In 2004, the golfer could easily avoid the shallow inside right bunker by driving long left. Now...

... with the return of the third bunker and by increasing the depth of the fairway bunkers, the golfer has to carefully select the best option off the tee on a given day.

Fifteenth hole, 440 yards; During his tearful acceptance speech after winning the 1998 United States Open at the Olympic Club in San Francisco, Lee Janzen spoke about how exhausting the course was with its requirements to move the ball left to right and right to left off the tee in order to hold the sloping fairways. Though the game at the elite level has changed since then to one of power, talented old-guard golfers still appreciate the nuances of playing such shots. Similar to the Olympic Club in this one respect, the golfer at Lancaster who can work the ball either way has a marked advantage over someone less talented. Take here where Flynn bent the fairway around to the right along the side slope of a broad hill. Though the fairway swings right, the land falls away to the left; thus, only a fade will hold this firm running fairway. In addition, one is virtually guaranteed on one’s approach that his ball will be above his feet (or below his feet if he is a left hander). Trying to control a ball into the right to left tilted green from such a stance will test the very best as anything past a slight draw is doomed to find the far left edge of the green. This hole is another example whereby Forse Design is working with the club board to return more of Flynn’s handiwork to the course. Aerials eight years into the course’s history show no bunkers on the inside of the dogleg right but Flynn built two enormous bunkers there sometime during the 1930s. These large bunkers are an example of Flynn continuing to refine the course well into its existence. Today’s smaller bunkers are a poor substitute and the return of Flynn’s heroic size bunkers would be a welcome event.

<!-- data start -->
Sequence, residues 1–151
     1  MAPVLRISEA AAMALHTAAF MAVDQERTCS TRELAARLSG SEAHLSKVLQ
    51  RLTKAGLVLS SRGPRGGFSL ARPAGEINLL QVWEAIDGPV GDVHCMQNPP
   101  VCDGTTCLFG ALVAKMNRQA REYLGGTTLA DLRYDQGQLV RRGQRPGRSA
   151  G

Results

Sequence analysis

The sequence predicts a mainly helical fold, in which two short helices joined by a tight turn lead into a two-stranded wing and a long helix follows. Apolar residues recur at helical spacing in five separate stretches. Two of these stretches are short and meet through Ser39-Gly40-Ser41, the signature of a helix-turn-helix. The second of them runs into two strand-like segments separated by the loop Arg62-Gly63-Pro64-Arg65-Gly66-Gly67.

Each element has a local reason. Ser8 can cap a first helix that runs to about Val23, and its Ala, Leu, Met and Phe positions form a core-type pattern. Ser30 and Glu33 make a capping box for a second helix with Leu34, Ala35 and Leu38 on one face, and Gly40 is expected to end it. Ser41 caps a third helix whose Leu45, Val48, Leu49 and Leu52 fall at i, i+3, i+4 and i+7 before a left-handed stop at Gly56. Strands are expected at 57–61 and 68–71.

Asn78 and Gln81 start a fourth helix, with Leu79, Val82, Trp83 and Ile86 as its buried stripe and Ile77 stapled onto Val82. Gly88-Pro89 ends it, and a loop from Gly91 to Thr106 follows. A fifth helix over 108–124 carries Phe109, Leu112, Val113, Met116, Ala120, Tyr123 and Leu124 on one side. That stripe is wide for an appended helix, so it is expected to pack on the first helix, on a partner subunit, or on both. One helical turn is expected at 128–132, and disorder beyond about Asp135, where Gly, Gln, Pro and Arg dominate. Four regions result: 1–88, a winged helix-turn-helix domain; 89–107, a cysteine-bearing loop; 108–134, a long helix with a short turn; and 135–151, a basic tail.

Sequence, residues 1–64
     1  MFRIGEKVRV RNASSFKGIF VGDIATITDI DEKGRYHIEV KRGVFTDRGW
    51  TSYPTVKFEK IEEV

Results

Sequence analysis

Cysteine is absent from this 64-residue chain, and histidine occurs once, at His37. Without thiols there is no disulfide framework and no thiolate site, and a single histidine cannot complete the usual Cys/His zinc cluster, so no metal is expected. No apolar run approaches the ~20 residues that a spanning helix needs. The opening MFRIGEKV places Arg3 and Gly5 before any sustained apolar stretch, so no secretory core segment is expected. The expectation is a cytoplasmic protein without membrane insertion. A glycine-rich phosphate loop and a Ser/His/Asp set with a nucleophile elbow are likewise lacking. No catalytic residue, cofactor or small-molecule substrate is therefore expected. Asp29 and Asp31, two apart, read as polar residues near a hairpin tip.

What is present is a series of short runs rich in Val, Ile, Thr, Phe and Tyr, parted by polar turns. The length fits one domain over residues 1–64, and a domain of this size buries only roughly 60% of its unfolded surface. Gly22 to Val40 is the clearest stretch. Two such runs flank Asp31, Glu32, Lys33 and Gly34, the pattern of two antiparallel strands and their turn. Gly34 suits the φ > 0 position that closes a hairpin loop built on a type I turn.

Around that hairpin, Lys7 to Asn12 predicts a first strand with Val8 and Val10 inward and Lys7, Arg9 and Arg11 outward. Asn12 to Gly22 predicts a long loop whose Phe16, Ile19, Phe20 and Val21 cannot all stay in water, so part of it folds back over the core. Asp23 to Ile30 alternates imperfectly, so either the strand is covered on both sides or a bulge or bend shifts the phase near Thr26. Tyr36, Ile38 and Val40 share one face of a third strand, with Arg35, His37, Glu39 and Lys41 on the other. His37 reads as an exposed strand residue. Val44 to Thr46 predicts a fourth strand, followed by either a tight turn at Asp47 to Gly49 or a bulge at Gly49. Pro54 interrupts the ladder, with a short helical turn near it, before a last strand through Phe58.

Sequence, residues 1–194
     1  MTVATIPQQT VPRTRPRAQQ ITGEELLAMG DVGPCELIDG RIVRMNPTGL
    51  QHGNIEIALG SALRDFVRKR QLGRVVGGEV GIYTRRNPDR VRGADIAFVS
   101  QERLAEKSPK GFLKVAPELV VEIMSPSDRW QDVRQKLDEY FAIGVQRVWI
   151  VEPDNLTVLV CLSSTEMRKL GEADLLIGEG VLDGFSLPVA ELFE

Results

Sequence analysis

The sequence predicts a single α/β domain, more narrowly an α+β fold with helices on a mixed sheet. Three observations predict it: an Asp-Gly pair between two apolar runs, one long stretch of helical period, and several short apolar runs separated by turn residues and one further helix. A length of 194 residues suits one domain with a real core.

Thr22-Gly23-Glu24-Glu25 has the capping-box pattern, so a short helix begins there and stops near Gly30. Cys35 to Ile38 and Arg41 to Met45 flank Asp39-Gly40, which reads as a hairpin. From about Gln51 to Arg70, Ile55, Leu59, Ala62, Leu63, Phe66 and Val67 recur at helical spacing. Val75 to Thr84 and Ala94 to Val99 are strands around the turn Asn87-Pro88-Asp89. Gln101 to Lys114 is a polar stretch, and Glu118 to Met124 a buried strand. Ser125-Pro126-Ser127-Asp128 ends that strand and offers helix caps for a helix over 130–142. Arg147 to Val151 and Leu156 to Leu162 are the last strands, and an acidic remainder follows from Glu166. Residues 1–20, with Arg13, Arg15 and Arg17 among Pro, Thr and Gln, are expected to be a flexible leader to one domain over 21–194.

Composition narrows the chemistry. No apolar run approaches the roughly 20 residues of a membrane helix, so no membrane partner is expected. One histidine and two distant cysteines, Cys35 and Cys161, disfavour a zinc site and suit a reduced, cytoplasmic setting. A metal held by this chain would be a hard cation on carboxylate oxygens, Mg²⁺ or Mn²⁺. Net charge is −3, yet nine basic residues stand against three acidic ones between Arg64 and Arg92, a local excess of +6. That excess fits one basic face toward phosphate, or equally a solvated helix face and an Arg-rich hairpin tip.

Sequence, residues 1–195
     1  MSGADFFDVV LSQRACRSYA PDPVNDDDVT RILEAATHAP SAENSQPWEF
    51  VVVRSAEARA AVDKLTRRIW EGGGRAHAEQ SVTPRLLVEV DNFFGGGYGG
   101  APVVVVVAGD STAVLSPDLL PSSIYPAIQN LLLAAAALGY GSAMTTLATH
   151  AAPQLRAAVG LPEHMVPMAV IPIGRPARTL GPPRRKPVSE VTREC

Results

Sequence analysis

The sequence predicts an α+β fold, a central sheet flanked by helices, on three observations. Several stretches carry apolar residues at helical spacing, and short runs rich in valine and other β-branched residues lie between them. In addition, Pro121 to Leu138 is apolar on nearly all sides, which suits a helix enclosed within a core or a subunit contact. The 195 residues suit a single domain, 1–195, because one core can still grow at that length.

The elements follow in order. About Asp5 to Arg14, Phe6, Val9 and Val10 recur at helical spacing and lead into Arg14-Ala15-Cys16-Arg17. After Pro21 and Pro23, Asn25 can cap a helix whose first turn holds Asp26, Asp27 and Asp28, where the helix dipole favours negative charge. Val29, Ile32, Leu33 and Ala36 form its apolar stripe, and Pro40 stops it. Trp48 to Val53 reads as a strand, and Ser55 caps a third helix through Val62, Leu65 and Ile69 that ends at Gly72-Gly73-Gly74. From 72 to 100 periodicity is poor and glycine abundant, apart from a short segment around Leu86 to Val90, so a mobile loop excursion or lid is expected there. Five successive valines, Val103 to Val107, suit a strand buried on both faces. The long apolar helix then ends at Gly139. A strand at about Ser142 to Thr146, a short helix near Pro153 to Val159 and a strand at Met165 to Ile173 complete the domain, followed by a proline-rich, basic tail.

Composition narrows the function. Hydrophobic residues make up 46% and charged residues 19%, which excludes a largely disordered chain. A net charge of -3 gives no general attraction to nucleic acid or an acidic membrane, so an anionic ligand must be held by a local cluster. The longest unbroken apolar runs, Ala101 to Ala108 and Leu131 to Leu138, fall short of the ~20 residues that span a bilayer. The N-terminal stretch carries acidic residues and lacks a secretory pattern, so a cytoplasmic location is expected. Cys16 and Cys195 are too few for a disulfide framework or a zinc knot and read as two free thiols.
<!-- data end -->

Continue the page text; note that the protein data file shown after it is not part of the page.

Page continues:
Sixteenth hole, 355 yards; The last two par fours swing right so it comes as no surprise to step on this tee and see this fairway moving left. What is a surprise is that this oft photographed hole was not built by Flynn. Its general configuration of bending sharply left around a nest of bunkers to a green reminds many of Flynn’s first hole at Philadelphia Country Club. In fact, Forse Design greatly expanded the breadth and scale of the bunkers here at the sixteenth at Lancaster in a similar manner to how they restored Flynn’s bunkers at the first at Philadelphia Country Club in 2000. Though some no longer exist, this type hole prevaded many of Flynn’s best designs including Huntingdon Valley, the North and South courses at Boca Raton, Indian Creek, The Country Club and others. Architecture students also see playing characteristics akin to Flynn’s tenth hole at Merion as well as the twelfth at Pine Valley. Hence, it is fair to assume/conclude that Flynn built it. Alas, history tells us otherwise and as at the second hole, Mr. Haverstick in 1966 again suggested moving Flynn’s green location some sixty yards to the left and down into today’s natural amphitheater. Initially, Flynn had this hole play straightaway from today’s tee to a green located on the far embankment. As at the second, the Gordons carried out the wishes of the club and built the sixteenth green and bunkers along with help from long time Green Keeper Bill Mellon. Even Wayne Morrison agrees that the second and sixteenth holes of today are huge improvements over Flynn’s designs, so give the club credit for knowing when to embrace selective change (the pond at the seventh is a third and final such example).